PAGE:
One of the most important things on your ballot this election is something you probably haven’t even heard about.
It’s the Madison Metropolitan School District Referendum, a $26 million operational referendum spread over four years. This money would be used to increase the school district’s revenue limit from the state-imposed level of $281,158,559 in order to pay for school funding and operations in the district’s 49 schools.
Madison ballot to let voters decide $26 million school district budget referendumIn additional to the candidate races, Madisonians will be able to cast a vote supporting or opposing the $26 million Read…
This funding increase may have an adverse affect on students through higher rents, but this funding is completely necessary to reduce racial disparities in the area. As found in the 2013 Race to Equity Report, Dane County is the worst place to live in the country if you are a person of color. The great equalizer is education, and in Dane County, that’s where the racial divide is exacerbated.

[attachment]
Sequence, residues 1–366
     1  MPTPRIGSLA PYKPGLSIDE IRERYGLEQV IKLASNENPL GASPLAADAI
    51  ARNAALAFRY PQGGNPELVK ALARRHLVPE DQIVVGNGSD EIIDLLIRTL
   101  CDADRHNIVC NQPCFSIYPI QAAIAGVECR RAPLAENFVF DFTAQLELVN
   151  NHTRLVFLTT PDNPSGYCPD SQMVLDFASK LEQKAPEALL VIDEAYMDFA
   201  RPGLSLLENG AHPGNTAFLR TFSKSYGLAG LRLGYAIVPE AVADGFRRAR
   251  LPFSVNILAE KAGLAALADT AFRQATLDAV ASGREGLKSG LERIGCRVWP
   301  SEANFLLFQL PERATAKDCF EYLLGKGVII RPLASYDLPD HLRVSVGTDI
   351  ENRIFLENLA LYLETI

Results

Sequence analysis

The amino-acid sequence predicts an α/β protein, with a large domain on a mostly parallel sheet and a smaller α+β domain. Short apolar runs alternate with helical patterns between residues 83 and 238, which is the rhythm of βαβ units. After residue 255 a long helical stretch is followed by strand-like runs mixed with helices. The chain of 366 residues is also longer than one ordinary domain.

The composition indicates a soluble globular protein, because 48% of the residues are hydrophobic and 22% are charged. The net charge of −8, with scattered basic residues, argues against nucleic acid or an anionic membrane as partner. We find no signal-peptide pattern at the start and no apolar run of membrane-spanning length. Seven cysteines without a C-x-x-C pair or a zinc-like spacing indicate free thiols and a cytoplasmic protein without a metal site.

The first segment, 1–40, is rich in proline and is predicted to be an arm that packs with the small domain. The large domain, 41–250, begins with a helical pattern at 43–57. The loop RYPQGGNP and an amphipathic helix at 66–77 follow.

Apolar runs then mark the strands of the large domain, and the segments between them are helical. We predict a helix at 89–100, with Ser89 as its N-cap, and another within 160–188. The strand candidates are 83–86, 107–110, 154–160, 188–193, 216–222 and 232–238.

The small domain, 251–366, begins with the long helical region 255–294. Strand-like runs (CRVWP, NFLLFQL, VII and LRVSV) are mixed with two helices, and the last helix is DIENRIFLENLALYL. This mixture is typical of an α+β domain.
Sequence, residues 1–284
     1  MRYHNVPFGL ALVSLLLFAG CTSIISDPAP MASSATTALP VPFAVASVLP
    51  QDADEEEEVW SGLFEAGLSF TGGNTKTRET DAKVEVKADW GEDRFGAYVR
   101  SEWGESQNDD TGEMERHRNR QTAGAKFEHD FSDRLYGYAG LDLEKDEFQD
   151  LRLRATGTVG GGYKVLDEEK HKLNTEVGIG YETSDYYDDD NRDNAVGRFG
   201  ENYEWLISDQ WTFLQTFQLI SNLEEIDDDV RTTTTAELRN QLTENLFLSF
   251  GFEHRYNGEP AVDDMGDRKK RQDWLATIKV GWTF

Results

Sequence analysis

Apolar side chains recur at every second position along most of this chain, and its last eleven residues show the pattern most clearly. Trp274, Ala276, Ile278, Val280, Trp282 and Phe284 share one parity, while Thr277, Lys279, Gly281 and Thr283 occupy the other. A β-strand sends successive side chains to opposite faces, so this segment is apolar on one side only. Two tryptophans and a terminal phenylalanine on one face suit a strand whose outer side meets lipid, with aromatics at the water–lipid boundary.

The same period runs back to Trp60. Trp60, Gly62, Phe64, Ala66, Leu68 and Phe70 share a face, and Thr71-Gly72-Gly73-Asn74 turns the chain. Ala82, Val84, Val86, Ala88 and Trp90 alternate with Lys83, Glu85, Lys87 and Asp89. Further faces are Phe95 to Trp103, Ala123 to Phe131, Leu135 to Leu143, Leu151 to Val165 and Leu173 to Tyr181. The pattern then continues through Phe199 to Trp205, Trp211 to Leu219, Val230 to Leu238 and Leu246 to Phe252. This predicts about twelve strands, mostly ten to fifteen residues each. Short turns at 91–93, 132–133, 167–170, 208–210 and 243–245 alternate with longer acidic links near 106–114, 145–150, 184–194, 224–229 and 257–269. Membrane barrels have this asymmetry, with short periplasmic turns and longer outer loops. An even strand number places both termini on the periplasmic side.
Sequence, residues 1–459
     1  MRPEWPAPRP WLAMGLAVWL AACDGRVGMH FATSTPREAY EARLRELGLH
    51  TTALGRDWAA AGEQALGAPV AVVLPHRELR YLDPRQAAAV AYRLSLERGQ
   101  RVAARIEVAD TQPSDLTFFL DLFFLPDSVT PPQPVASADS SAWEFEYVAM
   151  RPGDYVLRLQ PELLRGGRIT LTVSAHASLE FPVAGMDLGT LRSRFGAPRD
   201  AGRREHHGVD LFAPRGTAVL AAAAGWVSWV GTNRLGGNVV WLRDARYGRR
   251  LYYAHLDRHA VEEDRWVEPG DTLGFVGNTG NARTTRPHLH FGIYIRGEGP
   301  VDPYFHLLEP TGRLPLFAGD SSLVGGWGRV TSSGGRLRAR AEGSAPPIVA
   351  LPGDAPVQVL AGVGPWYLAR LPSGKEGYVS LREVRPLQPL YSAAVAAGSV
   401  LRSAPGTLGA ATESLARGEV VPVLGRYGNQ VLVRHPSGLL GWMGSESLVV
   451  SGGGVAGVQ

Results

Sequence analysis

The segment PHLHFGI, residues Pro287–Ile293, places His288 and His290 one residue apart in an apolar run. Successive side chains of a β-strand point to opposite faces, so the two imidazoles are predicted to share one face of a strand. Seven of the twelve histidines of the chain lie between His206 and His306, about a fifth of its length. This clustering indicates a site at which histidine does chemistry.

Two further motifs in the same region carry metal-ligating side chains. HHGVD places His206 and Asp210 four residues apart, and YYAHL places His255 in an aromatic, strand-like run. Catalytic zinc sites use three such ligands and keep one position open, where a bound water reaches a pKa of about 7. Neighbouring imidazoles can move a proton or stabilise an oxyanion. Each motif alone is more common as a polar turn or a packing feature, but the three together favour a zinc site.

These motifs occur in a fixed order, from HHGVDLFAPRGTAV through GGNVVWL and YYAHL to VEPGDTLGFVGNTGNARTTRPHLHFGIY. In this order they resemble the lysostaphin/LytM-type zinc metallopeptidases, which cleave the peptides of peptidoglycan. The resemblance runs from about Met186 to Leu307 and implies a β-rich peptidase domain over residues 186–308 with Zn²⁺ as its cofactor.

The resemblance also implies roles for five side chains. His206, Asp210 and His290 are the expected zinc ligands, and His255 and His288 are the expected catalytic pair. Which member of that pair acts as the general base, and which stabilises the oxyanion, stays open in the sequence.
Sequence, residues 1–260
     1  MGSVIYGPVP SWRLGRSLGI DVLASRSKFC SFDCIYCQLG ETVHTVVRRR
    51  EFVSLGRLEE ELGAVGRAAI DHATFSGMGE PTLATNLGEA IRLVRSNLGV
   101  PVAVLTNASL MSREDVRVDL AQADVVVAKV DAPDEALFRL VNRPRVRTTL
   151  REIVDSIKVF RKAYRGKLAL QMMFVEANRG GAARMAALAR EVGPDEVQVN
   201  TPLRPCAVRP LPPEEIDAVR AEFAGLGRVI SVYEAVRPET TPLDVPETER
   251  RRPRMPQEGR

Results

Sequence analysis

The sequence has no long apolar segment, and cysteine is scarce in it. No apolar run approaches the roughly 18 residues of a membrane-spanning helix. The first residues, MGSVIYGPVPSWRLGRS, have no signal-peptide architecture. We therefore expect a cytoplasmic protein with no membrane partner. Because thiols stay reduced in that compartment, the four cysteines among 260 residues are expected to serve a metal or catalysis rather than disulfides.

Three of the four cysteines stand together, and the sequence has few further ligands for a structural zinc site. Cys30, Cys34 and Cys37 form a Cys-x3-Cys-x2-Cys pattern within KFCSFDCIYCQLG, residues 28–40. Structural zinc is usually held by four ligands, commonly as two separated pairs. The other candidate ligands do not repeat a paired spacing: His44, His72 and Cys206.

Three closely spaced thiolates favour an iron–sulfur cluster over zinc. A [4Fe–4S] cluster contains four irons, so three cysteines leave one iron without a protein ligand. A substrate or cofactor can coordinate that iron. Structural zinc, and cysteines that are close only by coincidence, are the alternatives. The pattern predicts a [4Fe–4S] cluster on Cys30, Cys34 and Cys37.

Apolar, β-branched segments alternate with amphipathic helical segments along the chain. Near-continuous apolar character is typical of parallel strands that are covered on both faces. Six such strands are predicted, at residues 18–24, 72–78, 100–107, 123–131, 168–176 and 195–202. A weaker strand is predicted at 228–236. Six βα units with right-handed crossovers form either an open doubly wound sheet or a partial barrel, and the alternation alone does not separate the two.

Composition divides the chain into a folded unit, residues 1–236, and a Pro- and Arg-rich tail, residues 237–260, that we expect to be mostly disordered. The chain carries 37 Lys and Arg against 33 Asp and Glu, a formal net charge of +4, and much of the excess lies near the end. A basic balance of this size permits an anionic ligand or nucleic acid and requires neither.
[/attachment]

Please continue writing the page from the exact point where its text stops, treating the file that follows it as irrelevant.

Among third graders in 2011, 48 percent of Dane County’s black students are not proficient at reading. This is compared to only 10 percent of their white counterparts. Additionally, in 2011 the four-year high school graduation rate has a huge disparity between black and white students. Fifty percent of black high school students in Madison Metropolitan School District did not graduate within four years, compared to only 16 percent for their white counterparts.
The $26 million will be used in concordant measures to reduce this disparity. Last year alone, schools in the district saw a 12 percent increase in literacy among African American students in one year, according to MMSD. Without the referendum, this type of programming will not be able to be expanded.
As students at the University of Wisconsin, we are shielded almost completely from the stark racial divide of the city we reside in. We cannot merely be passive about the affairs of Madison. There are real problems that need to be addressed, and as students we can and should help to address them.
Not everyone has the time to volunteer in Madison’s schools. Not everyone has the skills to provide real assistance to Madison’s most vulnerable. But everyone here can vote to make Madison more equitable.
As UW students, we have benefitted from the structures put in place to get us here. It should be our obligation to make sure these same structures are in place for everyone.
Aaron Reilly ([email protected]) is a sophomore majoring in social work and economics.